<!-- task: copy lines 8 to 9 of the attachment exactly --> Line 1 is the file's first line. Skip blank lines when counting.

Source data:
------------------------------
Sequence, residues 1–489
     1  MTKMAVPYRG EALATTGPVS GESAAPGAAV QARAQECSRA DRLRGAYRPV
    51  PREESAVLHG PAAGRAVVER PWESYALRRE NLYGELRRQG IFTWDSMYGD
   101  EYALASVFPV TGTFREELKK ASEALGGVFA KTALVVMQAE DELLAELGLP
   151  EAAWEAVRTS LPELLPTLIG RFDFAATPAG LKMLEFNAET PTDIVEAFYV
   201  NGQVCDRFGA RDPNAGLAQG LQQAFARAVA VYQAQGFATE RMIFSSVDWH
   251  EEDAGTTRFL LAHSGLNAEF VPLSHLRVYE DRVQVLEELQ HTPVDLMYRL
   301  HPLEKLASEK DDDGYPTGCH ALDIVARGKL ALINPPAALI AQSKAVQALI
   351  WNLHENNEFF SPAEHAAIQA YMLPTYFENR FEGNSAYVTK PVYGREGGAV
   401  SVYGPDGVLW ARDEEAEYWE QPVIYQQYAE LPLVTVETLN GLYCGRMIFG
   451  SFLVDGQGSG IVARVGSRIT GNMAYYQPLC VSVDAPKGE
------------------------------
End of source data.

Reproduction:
   301  HPLEKLASEK DDDGYPTGCH ALDIVARGKL ALINPPAALI AQSKAVQALI
   351  WNLHENNEFF SPAEHAAIQA YMLPTYFENR FEGNSAYVTK PVYGREGGAV